DARRINGTON, Washington (Reuters) - Days after a Washington state mudslide left dozens dead and missing, Dan Rankin stood in a high school gymnasium and hugged tight a teenage girl reeling from the loss of her sister.
Before the March 22 disaster, Rankin’s main tasks as mayor of the small logging town of Darrington included overseeing town council meetings and resolving property line disputes in the community of about 1,350 people.
But since the mudslide about 10 miles west of town, Rankin’s job has been transformed into that of comforting the grieving and articulating their anguish to the outside world.
“That scar on the mountain will never heal nor will the scar in our hearts ever heal,” Rankin, 52, told reporters.
The unofficial body count rose to 28 on Saturday, with the official tally of those killed now 18 based on bodies extricated and identified by medical examiners. But the count of missing dropped to 30 from 90.
In the week since a chunk of rain-soaked hillside 1,500 feet long tumbled onto a river near the tiny community of Oso, smothering a state road and swallowing up dozens of homes, Rankin’s new role symbolizes the changed reality for many in the area northeast of Seattle.
Along with those who lost their homes and relatives, nearly everyone in Darrington is mourning a friend or acquaintance lost in the disaster, and usually more than one.
They have also, for the foreseeable future, lost the main artery, Highway 530, connecting them to other communities.
“We try to hold ourselves together to help each other, and this community is incredible, but it has been really hard,” said Marshann Wehrli, a deli worker at Darrington’s grocery store.
‘WANT THEM TO STOP HURTING’
At nightly town hall meetings attended by hundreds and held in the high school gym, Rankin, dressed typically in a lumberjack shirt and blue jeans, has pledged assistance, shed tears, hugged the bereaved and opened the microphone to anyone with a grievance.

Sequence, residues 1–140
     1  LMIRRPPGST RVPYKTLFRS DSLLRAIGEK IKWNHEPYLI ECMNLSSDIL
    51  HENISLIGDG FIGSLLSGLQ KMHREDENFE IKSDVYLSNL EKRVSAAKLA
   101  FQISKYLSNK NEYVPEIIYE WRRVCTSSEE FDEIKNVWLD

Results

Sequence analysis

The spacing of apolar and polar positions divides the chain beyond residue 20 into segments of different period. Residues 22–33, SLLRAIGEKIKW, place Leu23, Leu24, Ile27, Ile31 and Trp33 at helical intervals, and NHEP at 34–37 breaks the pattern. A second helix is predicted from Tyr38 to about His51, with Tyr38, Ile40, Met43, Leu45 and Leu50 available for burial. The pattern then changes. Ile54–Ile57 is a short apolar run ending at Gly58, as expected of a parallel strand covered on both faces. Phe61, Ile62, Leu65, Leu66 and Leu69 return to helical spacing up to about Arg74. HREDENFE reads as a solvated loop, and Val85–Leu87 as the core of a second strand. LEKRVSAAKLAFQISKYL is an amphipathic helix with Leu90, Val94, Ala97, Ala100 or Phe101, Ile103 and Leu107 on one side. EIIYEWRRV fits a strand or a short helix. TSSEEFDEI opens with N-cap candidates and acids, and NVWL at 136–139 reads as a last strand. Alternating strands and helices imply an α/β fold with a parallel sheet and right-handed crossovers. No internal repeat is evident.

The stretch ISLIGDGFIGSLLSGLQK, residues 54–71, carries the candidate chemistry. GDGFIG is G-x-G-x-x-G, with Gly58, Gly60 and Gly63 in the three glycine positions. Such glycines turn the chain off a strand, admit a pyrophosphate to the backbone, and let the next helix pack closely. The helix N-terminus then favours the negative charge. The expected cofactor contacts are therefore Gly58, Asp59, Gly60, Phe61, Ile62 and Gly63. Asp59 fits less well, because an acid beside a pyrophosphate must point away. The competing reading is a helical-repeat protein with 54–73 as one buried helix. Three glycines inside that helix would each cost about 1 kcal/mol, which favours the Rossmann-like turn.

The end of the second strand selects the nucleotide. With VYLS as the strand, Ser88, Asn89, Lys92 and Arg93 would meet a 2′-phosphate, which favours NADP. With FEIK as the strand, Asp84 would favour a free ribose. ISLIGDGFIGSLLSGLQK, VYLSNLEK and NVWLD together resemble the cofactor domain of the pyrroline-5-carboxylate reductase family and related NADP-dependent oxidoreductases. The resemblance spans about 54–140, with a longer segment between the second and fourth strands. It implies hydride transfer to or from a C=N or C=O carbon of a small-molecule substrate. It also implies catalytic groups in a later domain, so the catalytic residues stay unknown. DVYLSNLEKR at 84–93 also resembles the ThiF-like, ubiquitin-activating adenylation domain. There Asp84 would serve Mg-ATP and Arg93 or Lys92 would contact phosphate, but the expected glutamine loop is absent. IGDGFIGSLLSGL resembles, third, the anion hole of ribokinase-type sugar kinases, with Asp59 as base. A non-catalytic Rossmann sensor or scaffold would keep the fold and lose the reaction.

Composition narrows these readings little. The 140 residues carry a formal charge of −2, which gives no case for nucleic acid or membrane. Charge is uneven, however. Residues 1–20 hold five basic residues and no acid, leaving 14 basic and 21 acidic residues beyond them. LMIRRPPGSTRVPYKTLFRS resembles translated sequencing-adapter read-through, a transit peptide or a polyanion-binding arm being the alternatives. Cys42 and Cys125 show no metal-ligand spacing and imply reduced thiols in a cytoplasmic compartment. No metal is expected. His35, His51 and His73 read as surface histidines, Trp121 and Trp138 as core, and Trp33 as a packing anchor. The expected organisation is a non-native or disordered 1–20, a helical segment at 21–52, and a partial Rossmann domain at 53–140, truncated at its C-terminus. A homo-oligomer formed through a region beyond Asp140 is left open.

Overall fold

At the Friday night meeting, attended by both U.S. senators from the state, two U.S. representatives and the state’s secretary of transportation, all of whom pledged their unstinting support, the largest ovation was reserved for Rankin.
“I want my town to be whole and well and I want them to stop hurting and I want them to have the things that we need,” Rankin said after the meeting. “I feel so humbled, because I don’t feel like I‘m doing enough.”
As the full toll of the disaster comes into focus, Rankin’s constituents, like the mayor himself, are beginning to absorb a new reality in which great loss mingles with more mundane hardships.
Lou Kitz, an airplane mechanic who lives in Darrington, is among those who has seen his half-hour commute to his job in the town of Arlington increase by over an hour each way because of the washout of Highway 530.
His wife, Roxann Kitz, said the extra money spent on gasoline would leave them stretched thin, and could compel him to stay a couple nights a week with friends on the other side of the washout.
“We’re a one-income family,” she said. “We were struggling to get by as it was.”
For Rankin, who spent years as a logger before sore knees led him to buy his own sawmill, the mudslide has ushered in a routine that revolves around ensuring supplies get to rescuers and the displaced and meeting the daily needs of townspeople.
It has also brought changes closer to home.
After his friends’ home was flooded after the mudslide, he put them up in the house just up the hill from his own, where his mother lived before dying last year.
“She was my neighbor. So I have neighbors again,” the mayor said.
For how long?
“As long as it takes,” he said.
Reporting by Jonathan Kaminsky; Editing by Carey Gillam and Peter Cooney